Cost-push inflation happens when the demand for goods increases because production costs rise to the point where fewer goods can be produced. As demand remains the same but the cost of supply increases, the price is pushed upward by supply costs. In the context of the bagel store, imagine if people love your bagels and want to buy them, but a law has changed where you have to pay higher wages to your workers. Higher wages means it costs more for you to produce each bagel, which means you’ll have to push prices higher to cover your costs. 

These are the two basic types of inflation. Inflation can combine, however, with other market forces to create an entirely new economic phenomenon. Other types of inflation include hyperinflation, a rapid and out-of-control form of inflation; pricing power inflation, which occurs when businesses raise prices to increase profits; sectoral inflation, which is when the rising prices are confined to just one industry; and stagflation, which occurs when inflation is rising despite slow economic growth.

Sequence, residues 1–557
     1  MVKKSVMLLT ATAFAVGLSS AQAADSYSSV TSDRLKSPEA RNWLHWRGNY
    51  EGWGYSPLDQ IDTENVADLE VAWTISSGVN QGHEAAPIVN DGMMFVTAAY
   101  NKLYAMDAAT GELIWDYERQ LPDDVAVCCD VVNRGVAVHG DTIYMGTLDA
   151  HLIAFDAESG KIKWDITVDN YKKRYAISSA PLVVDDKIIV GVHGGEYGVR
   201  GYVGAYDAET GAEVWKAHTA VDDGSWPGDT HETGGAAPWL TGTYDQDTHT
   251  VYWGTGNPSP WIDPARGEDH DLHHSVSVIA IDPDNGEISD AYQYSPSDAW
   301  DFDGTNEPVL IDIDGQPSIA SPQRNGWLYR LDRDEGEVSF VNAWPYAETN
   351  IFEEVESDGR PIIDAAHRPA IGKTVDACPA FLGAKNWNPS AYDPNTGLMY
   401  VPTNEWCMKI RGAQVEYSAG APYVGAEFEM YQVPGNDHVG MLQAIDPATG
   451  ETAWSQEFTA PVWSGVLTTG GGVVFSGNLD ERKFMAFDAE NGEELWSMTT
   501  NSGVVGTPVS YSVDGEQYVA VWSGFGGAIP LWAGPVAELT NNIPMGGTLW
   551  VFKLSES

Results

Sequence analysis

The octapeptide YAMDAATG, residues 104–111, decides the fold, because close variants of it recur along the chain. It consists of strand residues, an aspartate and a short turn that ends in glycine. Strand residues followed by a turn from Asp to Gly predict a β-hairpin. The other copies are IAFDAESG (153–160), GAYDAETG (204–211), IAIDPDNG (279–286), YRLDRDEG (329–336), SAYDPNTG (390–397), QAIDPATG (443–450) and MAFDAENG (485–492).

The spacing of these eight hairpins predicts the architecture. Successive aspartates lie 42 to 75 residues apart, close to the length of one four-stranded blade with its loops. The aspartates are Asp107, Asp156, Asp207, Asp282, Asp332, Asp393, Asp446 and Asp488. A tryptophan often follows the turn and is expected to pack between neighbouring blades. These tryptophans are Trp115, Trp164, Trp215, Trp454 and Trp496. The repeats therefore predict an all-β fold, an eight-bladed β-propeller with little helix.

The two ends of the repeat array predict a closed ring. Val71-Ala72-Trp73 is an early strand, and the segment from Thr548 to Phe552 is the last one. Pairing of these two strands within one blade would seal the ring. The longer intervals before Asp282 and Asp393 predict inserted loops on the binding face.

History of inflation

While the inflation rate has ranged from 1.5 and 3.5% for the past two decades, it has fluctuated a great deal in the years before. While inflation rates have only been tracked officially for the past 100 years, it played a significant role in the economy in the years well before that. 

Between 1775 and 1865, inflation was blamed for two U.S. currency collapses: the Continental currency during the Revolutionary War and Confederation notes during the Civil War. In the last century, inflation rates have spiked to 18% in 1918, 15.6% in 1920 and 14.4% in 1947. Inflation in the United States has only risen above 10% twice since 1980. It topped out at 13.5% in 1980, and a year later, it reached 10.3%. 

Since the financial crisis in 2008, inflation has remained below 2.5% every year. The Federal Reserve aims to remain a target rate of 2% inflation annually, and now that the economy is stable and growing at a gradual but healthy rate, the Fed is slowly hiking interest rates in a bid to manage anticipated inflation.